Algebra 2,

Algebra 2

I've taught in public, private and charter schools. I've taught Common Core, Traditional, Integrated, and Waldorf curricula. Algebra is the nuts and bolts of almost every other branch of math. You will need algebra to safely navigate trigonometry, statistics, precalculus, calculus and parts of geometry. However, Algebra 2 specifically focuses on functions - a concept that is indispensable to any math course beyond Algebra 2.
Calculus,

Calculus

I have taught in public, private and charter high schools. I've taught Common Core, Traditional, Integrated, and Waldorf curricula. As a student I took both AB and BC Calculus and scored a 5 on the AP exam for Calc AB. As an Electrical Engineering major, I took Analytic Geometry and Calculus B and C, Differential Equations with Linear Algebra I and II, and Advanced Calculus for Applications (as well as a host of engineering and physics courses that mostly all applied calculus). However, during my career as a high school math teacher, I have only taught the basics of Calculus - from limits to differentiation and integration of all types. Although I did well in those classes as a student years ago, to be completely transparent, I have never taught vector calculus in three-space or any advanced applications of calculus. I am highly competent and confident in teaching any first year calc student. Beyond that, I am pedagogically inexperienced.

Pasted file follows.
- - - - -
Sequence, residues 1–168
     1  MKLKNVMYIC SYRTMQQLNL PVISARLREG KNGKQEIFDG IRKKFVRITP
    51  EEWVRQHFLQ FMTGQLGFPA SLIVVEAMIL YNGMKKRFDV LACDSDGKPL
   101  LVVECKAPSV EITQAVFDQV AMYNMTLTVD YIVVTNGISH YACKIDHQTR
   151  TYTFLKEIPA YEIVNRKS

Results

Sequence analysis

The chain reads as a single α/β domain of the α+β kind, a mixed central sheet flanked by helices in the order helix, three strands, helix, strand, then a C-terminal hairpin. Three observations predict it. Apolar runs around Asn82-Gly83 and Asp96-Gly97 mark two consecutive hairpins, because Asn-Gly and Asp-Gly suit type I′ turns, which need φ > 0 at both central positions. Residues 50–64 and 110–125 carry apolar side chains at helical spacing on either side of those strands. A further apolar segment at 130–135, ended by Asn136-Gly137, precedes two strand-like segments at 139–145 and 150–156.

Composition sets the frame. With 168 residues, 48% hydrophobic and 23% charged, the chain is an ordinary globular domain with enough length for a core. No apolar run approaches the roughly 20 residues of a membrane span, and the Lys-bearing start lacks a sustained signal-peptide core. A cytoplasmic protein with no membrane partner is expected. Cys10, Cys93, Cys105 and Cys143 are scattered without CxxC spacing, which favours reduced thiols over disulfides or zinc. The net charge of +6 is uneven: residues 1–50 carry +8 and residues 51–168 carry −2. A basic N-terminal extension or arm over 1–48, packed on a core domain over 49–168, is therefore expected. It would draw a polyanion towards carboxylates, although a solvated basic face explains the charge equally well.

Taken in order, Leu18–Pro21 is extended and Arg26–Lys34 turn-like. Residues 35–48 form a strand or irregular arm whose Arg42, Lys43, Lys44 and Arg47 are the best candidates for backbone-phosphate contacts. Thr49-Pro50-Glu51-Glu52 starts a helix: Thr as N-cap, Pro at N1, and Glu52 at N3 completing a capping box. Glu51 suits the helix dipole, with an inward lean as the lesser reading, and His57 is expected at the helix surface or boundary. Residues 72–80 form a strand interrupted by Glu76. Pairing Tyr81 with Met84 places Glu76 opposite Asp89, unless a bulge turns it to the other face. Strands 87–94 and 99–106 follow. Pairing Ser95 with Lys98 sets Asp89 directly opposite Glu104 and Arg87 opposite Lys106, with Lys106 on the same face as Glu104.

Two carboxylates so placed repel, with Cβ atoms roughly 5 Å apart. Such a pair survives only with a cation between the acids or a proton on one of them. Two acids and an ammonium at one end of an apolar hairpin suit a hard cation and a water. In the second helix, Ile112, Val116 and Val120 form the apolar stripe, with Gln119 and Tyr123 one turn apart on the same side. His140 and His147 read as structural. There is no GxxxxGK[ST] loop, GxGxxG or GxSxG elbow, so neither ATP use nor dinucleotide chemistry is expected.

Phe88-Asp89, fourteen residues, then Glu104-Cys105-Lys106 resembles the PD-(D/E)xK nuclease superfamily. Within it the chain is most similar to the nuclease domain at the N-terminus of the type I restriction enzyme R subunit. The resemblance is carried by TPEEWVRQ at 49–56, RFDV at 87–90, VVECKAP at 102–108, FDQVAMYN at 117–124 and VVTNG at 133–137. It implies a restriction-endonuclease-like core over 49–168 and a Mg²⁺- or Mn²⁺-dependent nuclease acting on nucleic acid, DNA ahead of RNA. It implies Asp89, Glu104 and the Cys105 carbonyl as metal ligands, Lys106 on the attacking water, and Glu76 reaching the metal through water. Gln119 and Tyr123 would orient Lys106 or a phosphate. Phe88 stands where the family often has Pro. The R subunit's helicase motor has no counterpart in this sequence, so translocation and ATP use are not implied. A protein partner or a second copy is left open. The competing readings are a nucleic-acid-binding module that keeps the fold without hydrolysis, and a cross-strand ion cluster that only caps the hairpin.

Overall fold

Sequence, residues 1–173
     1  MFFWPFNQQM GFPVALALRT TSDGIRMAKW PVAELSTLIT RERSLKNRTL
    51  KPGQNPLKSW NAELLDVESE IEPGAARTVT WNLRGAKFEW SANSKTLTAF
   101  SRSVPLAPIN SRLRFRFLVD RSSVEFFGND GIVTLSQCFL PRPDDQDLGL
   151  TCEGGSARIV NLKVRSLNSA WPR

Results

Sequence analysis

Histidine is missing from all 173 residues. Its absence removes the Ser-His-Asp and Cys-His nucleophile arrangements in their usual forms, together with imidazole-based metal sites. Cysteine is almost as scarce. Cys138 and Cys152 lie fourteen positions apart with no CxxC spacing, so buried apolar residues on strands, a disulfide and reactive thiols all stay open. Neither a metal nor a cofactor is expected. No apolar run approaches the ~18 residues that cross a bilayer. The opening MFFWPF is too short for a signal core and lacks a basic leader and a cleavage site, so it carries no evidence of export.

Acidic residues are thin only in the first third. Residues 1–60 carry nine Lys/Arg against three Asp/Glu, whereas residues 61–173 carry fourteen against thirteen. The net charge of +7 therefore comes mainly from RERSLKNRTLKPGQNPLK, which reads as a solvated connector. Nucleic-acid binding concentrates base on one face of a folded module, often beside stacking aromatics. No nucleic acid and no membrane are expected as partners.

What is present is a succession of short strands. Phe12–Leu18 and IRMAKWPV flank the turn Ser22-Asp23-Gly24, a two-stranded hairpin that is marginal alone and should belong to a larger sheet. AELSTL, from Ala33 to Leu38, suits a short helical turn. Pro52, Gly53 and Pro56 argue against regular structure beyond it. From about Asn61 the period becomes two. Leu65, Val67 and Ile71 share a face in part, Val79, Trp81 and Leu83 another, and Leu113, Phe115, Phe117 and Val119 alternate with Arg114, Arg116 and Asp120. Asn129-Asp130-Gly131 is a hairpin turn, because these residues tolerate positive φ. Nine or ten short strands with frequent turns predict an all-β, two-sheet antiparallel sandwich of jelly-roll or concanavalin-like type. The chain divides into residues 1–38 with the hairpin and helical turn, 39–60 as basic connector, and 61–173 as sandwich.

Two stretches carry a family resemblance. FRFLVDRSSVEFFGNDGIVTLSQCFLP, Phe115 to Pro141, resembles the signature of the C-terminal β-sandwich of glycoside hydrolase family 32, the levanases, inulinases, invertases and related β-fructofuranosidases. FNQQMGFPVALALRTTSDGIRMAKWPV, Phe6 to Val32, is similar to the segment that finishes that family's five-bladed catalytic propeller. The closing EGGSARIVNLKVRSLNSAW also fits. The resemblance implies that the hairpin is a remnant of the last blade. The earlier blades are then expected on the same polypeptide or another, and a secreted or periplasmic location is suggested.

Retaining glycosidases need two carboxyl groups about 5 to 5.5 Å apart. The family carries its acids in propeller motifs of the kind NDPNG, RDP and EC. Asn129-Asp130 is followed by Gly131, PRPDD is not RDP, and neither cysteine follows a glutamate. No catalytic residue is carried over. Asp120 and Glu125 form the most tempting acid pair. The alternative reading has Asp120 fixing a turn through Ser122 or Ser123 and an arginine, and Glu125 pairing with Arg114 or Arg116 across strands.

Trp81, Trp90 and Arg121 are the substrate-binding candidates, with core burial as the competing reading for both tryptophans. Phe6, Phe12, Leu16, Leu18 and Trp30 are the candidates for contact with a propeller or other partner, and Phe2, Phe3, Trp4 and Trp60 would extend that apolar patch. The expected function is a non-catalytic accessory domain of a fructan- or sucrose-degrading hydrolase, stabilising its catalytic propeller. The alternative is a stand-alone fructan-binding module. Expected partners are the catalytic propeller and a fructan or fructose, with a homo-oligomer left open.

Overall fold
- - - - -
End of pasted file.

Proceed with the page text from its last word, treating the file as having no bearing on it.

Geometry,

Geometry

I have taught in public, private and charter high schools. I've taught Common Core, Traditional, Integrated, and Waldorf curricula. Having taught everything up through Calculus, I really enjoy the practical and visual nature of Geometry. Many students find success in Geometry even when they had struggled in Algebra. I think it is the least abstract and most accessible branch of mathematics. The only exception to that statement is the mind-blowing quantity of formulas that can be found in Geometry. Although, I try to avoid memorizing formulas as much as possible. It is better to understand where the formulas come from so you can derive them just as easily from your own understanding. Then memorization becomes unnecessary.
Prealgebra,

Prealgebra

I have taught in public, private and charter schools. I've taught Common Core, Traditional, Integrated, and Waldorf curricula. Although I've taught everything up through Calculus, I am still well aware of "expert blindspots" and pride myself in being able to convey simple mathematical ideas without overcomplicating them for young mathematicians. Pre-Algebra is the bridge from basic arithmetic to more abstract mathematics. This can be a treacherous leap and it is the place where many students decide that math is too hard or that it doesn't make sense any more. It is important to have guidance at this time so students don't decide to "be bad at math" for the rest of their lives.
Precalculus,

Precalculus

I have taught in public, private and charter schools. I've taught Common Core, Traditional, Integrated, and Waldorf curricula. I have taught Precalculus to students ranging from freshmen to seniors. I believe that Precalculus is a year to solidify one's understanding of all functions (exponential, log, trig, rational, polynomial, continuous, discrete, piecewise, absolute value, explicit, implicit, polar, parametric, etc.) while practicing and applying everything that one has learned thus far before venturing into what Sir Isaac Newton called "The Calculus."